He's just morphed from Peter Allen to Gene Kelly, but Todd McKenney is happy to have found a comfort zone, writes BRETT THOMAS.

David Atkins and his co-producer James Cundall were looking intently at the rain belting down hard outside the ballroom at Sydney's Star City casino.
    Atkins' guests, although sheltering under big, bright yellow umbrellas, were still getting a drenching as they made their way inside so the man responsible for the Olympic Games Opening and Closing ceremonies casually suggested that the downpour be turned down, maybe just a notch or two.
    And so it was.
    Of course, Atkins doesn't have a direct line to you-know-who.  Well, not yet, anyway.  The "rain", falling courtesy of some heavy duty sprinklers atop the ballroom's roof, was a stunt, set up for the launch of his latest venture, a stage reprise of the much-loved Hollywood musical Singin' in the Rain.
    Inside, it was left to Bill "Mr Movies" Collins to provide some quaint personal anecdotes about the 1952 film -- he's met all three stars, Gene Kelly, Debbie Reynolds and Donald O'Connor, you know -- before Atkins and Cundall, director of arts and entertainment at IMG, delivered well-rehearsed speeches.
    Then, with a flourish, a scrim fell away on stage, the famous title music was cued and into the spotlight stepped the three Australian stars, yellow macs aglow and umbrellas atwirlin'.
    There was Rachael Beck, tiny and blonde in the Reynolds role, Wayne Scott Kermond, who bears more than a passing resemblance to O'Connor, and the undisputed star of the show Todd McKenney, who is stepping into the substantial dancing shoes of Gene Kelly.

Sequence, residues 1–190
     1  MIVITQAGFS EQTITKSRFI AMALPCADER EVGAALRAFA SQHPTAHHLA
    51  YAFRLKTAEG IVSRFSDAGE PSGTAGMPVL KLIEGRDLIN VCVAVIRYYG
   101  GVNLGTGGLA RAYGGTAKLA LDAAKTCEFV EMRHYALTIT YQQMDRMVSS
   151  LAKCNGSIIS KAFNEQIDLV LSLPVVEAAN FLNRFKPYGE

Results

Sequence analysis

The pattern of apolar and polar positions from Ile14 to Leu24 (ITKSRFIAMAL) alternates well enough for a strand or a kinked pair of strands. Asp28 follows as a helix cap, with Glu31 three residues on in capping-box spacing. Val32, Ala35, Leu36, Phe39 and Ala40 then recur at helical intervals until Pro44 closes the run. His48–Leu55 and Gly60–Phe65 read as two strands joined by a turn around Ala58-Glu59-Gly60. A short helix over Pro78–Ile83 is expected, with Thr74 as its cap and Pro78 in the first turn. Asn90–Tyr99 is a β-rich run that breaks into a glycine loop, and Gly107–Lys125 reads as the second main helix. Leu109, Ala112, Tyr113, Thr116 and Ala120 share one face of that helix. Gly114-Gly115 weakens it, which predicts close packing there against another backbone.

For McKenney, 34, the role came about just when he was considering some serious downtime.  After 766 performances over two years as the flamboyant Peter Allen in the hit Australian musical The Boy from Oz, McKenney was wary about hitting the road for another extended tour and was looking to concentrate on the beginnings of a solo career.
    "I didn't want to do another musical for a while," he revealed.  "When I stopped doing Boy I wanted to have a rest.  I wanted to concentrate on my own cabaret show and a Christmas concert with the Australian Pops Orchestra."
    Then came the call from Atkins, the man who makes things happen.
    "This was the only musical that could have changed my way of thinking," McKenney said.  "I think David's been wanting to do it for a long time and people have always compared my style of work to Gene Kelly's.  It's the same laid-back style.  I was probably the natural choice, apart from David himself.
    "In Dancin' Man (Atkins' 1987 stage show, which featured McKenney) there was a whole stack of stuff from Singin' in the Rain.  People have been telling me about this new show for about six months but it was only a month ago that David rang me and asked me to come and read with some different people.  It's all happened really quickly."
    Singin' in the Rain has long been Atkins' professional obsession and he was surprised that it had never been performed in Australia, despite having been written for the stage in the 1980s.
    "Singin' in the Rain is a very important musical for me," he said.  "It was the inspiration for me to take up dancing and the catalyst for Dancin' Man, so it's come come full circle."
    In hiring McKenney, Beck and Kermond, Atkins said he had secured the best cast out of any of the productions now playing in America.
    "It was really difficult to find people who are 'triple threats' -- those who can sing, act and dance really well," he said.  "These will be the best performances of these three leads on stage that have ever been seen."